New bill renews debate about boat propeller protection

New bill renews debate about boat propeller protection
Published: Feb. 16, 2016 at 11:17 PM HST|Updated: Feb. 17, 2016 at 12:17 AM HST
Email This Link
Share on Pinterest
Share on LinkedIn
Propeller guard (Image: Hawaii News Now)
Propeller guard (Image: Hawaii News Now)

HONOLULU (HawaiiNewsNow) - A recent boating tragedy in Kailua has reignited calls for stricter rules.

Well-known waterman Sri Shim died last month after he was run over by a boat while diving with his hanai son.

A new bill would require recreational vessels to have a propeller guard to cover the blades.

Paddler Luke Evslin, 31, still bears the scars from a propeller strike five years ago. The blades of an escort boat sliced open his back during a crew change for the Molokai Hoe.

"I thought I had been cut in half," said Evslin. "I reached around and put my hand in my back and there was nothing really there."

The Kauai resident believes a propeller guard would have significantly reduced the severity of his injuries.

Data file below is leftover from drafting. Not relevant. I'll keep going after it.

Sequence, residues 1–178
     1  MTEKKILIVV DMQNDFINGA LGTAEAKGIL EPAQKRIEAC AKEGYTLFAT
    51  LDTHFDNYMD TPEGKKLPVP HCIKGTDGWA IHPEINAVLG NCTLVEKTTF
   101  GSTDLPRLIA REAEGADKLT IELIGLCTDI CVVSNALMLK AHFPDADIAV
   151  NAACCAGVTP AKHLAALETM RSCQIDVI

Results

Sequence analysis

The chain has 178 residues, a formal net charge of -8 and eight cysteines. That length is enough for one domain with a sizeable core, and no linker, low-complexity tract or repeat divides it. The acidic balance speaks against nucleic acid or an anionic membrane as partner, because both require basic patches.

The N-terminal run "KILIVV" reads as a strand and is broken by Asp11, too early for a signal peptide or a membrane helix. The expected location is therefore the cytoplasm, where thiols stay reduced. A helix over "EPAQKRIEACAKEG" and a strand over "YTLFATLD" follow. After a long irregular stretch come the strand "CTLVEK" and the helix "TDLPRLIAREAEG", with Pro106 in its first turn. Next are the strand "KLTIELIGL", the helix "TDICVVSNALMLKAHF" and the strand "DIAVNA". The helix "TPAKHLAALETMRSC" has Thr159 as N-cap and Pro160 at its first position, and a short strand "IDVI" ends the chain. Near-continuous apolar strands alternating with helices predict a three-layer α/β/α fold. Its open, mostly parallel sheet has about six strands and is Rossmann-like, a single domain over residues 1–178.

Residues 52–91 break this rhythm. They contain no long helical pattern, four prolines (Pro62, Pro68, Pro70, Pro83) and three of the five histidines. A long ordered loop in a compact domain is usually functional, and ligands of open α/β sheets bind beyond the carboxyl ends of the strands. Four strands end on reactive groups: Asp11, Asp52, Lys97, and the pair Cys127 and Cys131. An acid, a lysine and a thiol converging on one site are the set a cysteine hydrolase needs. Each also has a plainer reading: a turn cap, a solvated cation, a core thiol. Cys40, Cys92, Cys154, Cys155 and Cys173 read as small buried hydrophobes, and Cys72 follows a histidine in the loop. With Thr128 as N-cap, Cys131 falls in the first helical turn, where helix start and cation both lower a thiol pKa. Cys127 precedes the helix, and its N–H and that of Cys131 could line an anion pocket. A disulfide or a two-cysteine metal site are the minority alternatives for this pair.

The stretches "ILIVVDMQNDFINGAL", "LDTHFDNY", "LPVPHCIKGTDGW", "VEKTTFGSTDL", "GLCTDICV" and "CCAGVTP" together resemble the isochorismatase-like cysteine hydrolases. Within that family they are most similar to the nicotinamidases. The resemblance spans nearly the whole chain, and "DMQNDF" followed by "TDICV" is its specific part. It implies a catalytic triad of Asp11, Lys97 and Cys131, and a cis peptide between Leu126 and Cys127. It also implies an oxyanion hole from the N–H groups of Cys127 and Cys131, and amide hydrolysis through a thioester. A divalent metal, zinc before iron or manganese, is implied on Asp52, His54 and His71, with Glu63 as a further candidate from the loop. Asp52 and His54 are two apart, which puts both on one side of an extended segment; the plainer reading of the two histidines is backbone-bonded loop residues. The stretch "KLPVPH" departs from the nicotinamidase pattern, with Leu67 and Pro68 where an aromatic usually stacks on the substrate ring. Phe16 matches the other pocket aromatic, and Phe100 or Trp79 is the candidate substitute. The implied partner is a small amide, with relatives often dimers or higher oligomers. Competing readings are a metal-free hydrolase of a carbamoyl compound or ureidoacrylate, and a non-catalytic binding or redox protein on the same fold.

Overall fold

House Bill 2024 would require the device to be installed on all motorized recreational vessels operating within 500 meters of the shoreline.

Currently, only catamarans in Waikiki need to have them because they go all they way up to the beach.

The Department of Land and Natural Resources isn't taking a position on the measure.

"It's hard to say whether it's going to be an effective tool or not. It could very well prevent a prop strike. It could do that, but then usually at that time, you've already been hit by the front of the boat, the hull," said Ed Underwood, administrator the DLNR's Division of Boating and Ocean Recreation.

Since 2011, there have been five propeller strikes in Hawaii involving recreational vessels, including three fatalities. Other deaths and injuries have been caused by commercial boats.

Opponents of the measure insist that propeller guards are unnecessary and negatively impact a boat's performance.

"I've never crashed into a turtle or a diver or anything," said fisherman Mike Hennessy. "I think it's more about boaters going to those classes and learning about where they need to be and where they shouldn't be and being responsible."

But supporters of the devices disagree.

"We know it would save lives," said Evslin. "People who have them on boats say that the boats run fine. It doesn't affect maneuverability or efficiency."

A House committee will hold a hearing on HB2024 on Wednesday.

Copyright 2016 Hawaii News Now. All rights reserved.